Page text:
He spends more than 12 hours per week perfecting his breaking and creating smooth transitions in his popping and locking moves.
He has worn down multiple vehicles driving up and down the East Coast for shows and spent countless dollars on dance classes and traveling oversees for competitions. But 26-year-old Kevyn Jones, of Havre de Grace, said it was all worth it when he was awarded a medal at his first international dance competition in Taiwan this week.
Jones popped and locked his way to the bronze medal at the World DanceSport Federation competition, a feat no American has accomplished in 15 years.
"I didn't even realize I placed at first," Jones said. "I just wanted to sit down and get some water."
Jones said he danced for four straight rounds against other hip-hop dancers for the solo male freestyle portion of the competition for more than 10 minutes. He said the win was bittersweet because although he placed, his dance group, Highest Definition, or HD Crew, did not place as high.
"It was bittersweet because I placed, but my team didn't place in the group competition," Jones said. "I didn't know how that would make them feel because I placed... But they were really excited and happy for me."
A self-taught dancer with little professional training, Jones has only competed in one international competition. Last year, he tore his ACL a month before the International Dance Organization World Hip Hop Championship in Bochum, Germany.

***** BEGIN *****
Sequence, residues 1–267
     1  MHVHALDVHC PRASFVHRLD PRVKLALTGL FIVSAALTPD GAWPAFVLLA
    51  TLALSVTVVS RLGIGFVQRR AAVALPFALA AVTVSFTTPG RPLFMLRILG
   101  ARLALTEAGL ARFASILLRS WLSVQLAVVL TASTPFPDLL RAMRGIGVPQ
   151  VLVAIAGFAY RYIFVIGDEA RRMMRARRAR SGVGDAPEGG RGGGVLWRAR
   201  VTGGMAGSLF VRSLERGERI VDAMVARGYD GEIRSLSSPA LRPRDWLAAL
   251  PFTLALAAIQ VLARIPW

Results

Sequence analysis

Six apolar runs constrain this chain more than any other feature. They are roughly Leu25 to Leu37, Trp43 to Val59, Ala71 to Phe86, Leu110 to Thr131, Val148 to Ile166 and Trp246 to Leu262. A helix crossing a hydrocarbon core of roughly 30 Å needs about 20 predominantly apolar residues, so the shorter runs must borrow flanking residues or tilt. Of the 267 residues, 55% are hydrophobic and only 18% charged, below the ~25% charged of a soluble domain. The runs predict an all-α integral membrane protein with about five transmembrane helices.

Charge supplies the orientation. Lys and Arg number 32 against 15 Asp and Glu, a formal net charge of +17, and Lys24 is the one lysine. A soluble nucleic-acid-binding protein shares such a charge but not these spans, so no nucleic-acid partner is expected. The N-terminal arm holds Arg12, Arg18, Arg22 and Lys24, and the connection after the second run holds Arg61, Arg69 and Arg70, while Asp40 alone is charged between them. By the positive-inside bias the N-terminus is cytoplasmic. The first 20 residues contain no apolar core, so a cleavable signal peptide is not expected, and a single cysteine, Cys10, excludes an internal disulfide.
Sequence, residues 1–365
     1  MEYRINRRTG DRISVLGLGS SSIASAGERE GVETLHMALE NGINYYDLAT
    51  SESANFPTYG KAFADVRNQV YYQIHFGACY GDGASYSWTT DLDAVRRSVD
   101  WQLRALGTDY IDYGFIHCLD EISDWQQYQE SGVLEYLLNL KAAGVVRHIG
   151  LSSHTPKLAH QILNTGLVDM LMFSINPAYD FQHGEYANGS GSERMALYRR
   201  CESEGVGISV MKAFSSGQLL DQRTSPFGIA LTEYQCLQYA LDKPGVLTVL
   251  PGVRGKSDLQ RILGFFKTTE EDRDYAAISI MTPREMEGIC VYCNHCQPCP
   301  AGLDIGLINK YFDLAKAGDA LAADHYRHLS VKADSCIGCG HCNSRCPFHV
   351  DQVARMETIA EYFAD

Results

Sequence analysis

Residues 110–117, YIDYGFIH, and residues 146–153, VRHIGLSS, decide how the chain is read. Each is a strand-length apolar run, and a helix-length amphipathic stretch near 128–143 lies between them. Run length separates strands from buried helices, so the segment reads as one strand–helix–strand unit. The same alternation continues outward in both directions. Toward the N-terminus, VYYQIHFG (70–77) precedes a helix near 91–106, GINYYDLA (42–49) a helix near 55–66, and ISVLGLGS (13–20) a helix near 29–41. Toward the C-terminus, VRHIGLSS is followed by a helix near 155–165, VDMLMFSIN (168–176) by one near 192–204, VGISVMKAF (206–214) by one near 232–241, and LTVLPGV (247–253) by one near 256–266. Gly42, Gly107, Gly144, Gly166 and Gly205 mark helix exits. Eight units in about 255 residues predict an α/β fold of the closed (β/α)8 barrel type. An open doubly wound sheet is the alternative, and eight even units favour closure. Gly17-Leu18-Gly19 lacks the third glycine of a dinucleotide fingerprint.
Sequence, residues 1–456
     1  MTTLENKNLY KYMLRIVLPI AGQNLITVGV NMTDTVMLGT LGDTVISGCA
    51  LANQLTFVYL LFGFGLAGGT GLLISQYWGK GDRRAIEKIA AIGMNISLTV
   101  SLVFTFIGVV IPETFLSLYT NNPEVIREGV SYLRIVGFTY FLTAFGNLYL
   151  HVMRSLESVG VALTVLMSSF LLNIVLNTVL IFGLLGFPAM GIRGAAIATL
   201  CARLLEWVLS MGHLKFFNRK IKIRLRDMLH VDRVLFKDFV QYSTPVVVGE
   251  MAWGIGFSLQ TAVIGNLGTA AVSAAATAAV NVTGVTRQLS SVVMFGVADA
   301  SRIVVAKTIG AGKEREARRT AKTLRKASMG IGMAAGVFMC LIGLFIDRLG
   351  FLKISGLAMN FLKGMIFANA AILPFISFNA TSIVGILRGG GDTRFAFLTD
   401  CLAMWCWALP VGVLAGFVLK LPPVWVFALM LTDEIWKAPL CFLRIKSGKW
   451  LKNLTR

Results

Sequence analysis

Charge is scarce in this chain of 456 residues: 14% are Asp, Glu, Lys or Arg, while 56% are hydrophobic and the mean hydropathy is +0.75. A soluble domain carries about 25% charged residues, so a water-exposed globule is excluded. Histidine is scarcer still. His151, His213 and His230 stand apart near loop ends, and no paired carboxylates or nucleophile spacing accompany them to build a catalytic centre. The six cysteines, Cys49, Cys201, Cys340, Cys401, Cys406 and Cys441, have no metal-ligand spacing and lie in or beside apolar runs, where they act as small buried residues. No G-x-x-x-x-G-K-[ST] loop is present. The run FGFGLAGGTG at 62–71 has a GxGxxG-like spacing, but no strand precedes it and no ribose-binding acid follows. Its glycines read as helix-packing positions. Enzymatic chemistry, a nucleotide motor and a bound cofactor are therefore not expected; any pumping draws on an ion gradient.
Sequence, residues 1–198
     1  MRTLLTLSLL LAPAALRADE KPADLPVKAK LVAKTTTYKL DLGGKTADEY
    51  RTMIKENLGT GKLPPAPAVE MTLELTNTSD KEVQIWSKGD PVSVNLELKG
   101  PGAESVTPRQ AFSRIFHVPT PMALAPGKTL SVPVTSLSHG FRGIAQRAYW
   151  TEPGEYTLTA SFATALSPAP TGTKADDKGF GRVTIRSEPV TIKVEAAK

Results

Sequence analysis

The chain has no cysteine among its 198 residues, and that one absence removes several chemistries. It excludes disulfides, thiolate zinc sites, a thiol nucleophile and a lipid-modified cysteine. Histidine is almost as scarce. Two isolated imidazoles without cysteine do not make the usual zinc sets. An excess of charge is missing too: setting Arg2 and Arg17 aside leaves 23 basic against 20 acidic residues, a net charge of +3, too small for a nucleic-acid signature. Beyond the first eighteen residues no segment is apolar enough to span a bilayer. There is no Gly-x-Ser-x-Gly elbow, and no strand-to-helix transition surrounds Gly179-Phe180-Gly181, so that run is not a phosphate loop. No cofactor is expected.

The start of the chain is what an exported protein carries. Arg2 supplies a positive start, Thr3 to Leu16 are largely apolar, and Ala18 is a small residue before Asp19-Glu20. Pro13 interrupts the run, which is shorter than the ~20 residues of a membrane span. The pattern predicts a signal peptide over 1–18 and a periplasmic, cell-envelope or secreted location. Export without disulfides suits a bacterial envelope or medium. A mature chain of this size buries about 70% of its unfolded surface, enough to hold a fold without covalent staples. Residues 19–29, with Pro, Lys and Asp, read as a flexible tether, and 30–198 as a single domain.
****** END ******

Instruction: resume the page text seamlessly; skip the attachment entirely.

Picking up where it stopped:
"It was so hard," said Jones, who is one of the team captains. "I was glad I was able to be there with everyone else, but I wasn't able to dance."
Jones said he never took dance lessons growing up. He said he did not even become interested in dancing until his cousin asked him to try out for the dance team at Aberdeen High School, where they attended.
From there, Jones said he fell in love with the sport and has competed in competitions up and down the East Coast, performed in music videos and done countless live performances. Since then, he has taken several ballet and modern dance classes to widen his range of motion and technical dance skills.
"I love the feeling of being able to connect with people doing something I love so much," Jones said. "Being on stage and making people connect with you and smile through your whole performance is great."
Jones also teaches beginning, intermediate and advanced hip-hop classes at Jamz Dance Center in Pasadena and he recently started teaching at another studio in Crofton. He said his first time teaching was alongside a friend who taught a dance at Parkville High School.
"I was 19 so I was like the same age as the rest of the students," Jones said. "I really like being able to share something I love with other people who are willing to learn. I like seeing my students go from having no rhythm to creating their own routines."Copyright © 2014, The Baltimore Sun